Hydrogen has surged up the priority list of many oil and gas organizations, taking a primary position in the sector’s decarbonisation efforts, according to a new report by DNV GL.

The classification society said on Thursday that a fifth of senior oil and gas industry professionals claimed their organization was already actively entering the hydrogen market.

Also, the proportion intending to invest in the hydrogen economy doubled from 20 to 42 per cent in the year leading up to the coronavirus-induced oil price crash.

DNV GL’s report, aptly named “Heading for Hydrogen”, draws on a survey of more than 1,000 senior oil and gas professionals and in-depth interviews with industry executives. The report suggests that recent shifts in the industry’s investment priorities are unlikely to affect the sector’s long-term efforts to reduce carbon emissions.

The company found a significant rise in those reporting that their organization is actively adapting to a less carbon-intensive energy mix – up from 44 per cent for 2018 to 60 per cent for 2020. Carbon-free hydrogen production, transmission, and distribution are now widely recognized as central components to the oil and gas industry’s decarbonisation efforts.

Liv A. Hovem, CEO of DNV GL – Oil & Gas, said: “Hydrogen is in the spotlight as the energy transition moves at pace – and rightly so. But to realize its potential, both governments and industry will need to make bold decisions. The challenge now is not in the ambition, but in changing the timeline: from hydrogen on the horizon to hydrogen in our homes, businesses, and transport systems”.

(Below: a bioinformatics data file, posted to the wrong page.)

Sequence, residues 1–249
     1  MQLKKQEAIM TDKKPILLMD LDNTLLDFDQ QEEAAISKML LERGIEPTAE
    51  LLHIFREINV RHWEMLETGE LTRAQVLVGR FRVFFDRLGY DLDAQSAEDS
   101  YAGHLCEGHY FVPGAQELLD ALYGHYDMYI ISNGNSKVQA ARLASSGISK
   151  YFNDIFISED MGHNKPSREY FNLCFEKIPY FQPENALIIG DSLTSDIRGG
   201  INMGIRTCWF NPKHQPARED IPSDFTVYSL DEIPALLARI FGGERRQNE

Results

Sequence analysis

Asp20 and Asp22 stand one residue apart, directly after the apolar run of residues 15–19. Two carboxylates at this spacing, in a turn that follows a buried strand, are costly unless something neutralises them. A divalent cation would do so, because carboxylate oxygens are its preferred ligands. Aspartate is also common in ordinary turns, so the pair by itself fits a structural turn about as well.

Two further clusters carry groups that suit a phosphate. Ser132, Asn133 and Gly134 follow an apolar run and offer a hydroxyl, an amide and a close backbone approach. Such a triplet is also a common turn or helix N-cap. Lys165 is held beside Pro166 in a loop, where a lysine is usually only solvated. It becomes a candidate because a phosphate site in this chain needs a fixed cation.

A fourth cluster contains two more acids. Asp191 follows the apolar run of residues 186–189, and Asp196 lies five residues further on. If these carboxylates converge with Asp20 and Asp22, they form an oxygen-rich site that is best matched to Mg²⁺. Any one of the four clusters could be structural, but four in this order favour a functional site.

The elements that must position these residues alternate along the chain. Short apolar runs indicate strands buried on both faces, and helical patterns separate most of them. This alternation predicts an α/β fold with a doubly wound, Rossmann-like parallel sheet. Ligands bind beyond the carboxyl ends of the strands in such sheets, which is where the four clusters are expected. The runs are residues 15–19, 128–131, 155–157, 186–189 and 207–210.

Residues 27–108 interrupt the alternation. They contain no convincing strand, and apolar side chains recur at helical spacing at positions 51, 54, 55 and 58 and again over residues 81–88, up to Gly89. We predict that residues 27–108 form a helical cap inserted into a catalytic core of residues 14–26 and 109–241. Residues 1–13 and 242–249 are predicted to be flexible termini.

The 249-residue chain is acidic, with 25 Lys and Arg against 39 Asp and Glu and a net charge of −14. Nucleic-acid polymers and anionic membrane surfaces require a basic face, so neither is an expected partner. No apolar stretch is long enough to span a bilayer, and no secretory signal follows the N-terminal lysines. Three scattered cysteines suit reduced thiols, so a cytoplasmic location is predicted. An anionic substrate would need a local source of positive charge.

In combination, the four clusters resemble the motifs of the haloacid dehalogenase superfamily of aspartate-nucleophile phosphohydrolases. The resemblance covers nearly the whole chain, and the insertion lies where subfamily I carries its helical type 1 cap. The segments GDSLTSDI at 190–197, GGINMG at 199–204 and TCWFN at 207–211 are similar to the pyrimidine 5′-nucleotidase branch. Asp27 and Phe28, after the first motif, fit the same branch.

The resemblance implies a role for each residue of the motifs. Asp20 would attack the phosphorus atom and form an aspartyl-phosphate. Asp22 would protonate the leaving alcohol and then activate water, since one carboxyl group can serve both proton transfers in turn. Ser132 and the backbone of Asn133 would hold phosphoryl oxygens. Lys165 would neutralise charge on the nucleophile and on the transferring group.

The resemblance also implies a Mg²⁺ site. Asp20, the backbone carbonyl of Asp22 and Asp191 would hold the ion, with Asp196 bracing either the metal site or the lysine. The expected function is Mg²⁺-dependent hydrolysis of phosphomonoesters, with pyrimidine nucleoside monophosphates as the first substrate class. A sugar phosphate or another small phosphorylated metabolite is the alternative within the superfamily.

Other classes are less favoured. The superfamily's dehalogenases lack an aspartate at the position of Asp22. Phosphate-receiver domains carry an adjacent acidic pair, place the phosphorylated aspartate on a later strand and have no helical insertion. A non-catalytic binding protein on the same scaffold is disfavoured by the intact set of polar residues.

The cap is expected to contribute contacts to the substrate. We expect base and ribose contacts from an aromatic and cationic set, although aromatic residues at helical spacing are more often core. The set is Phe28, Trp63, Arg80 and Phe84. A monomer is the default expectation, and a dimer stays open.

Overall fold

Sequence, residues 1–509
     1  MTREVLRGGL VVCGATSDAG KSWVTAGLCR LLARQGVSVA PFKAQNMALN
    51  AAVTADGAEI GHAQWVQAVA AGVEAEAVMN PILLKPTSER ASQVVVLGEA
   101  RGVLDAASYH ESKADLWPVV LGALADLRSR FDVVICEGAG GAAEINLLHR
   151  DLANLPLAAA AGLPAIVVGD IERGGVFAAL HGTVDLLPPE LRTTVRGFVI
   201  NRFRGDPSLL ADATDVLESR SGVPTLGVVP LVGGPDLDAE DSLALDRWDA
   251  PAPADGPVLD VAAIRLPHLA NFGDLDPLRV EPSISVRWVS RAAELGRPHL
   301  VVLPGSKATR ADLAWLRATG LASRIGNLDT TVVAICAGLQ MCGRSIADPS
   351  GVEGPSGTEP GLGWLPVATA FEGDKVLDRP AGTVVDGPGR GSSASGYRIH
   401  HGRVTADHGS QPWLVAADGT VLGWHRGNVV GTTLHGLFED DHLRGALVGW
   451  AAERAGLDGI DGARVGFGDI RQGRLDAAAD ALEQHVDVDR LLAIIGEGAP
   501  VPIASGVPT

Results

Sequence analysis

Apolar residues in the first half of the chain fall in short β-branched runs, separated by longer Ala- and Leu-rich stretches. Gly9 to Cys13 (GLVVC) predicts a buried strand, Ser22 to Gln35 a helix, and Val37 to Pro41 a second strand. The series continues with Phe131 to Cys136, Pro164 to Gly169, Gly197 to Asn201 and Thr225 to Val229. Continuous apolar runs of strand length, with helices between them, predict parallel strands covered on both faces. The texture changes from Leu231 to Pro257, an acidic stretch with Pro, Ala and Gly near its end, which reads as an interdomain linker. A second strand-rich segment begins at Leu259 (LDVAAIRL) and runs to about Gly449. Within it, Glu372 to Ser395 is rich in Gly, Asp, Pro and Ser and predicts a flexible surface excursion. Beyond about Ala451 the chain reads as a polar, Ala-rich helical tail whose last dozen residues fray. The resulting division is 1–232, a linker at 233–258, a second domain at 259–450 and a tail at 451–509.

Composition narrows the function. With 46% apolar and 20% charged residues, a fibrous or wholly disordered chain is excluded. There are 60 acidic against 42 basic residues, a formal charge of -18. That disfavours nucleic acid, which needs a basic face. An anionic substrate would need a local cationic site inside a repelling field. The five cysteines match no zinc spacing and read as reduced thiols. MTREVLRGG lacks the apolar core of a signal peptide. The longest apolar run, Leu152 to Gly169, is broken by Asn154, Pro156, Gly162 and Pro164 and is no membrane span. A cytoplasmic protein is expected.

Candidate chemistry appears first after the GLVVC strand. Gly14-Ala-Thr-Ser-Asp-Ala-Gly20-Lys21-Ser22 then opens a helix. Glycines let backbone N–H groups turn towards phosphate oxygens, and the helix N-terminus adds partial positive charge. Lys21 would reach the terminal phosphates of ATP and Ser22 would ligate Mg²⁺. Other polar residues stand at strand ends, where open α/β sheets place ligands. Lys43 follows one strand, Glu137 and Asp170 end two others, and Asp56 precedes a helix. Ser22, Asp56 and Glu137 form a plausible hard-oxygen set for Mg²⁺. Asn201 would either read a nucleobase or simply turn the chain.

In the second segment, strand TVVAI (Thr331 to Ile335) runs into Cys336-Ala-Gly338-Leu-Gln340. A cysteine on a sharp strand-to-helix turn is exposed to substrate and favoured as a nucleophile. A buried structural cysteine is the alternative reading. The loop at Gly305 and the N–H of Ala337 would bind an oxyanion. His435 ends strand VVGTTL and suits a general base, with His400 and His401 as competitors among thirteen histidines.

It is worth noting that more than half of respondents to DNV GL’s research in Asia-Pacific (56 per cent), the Middle East & North Africa (54 per cent) and Europe (53 per cent) agree that hydrogen will be a significant part of the energy mix within 10 years. North America and Latin America with 40 and 37 per cent, respectively, are a little behind.

Link between natural gas and hydrogen
According to Heading for Hydrogen, the success of a hydrogen energy economy is closely aligned with the future of natural gas, renewable energy, and carbon capture and storage (CCS) technology.

While hydrogen gas produced from renewable energy – so-called ‘green hydrogen’ – is the industry’s ultimate destination, analysis shows that the sector can only realistically scale up to large volumes and infrastructure with carbon-free hydrogen produced from fossil fuels combined with CCS technology, or what is known as ‘blue hydrogen’.


Source: Offshore Energy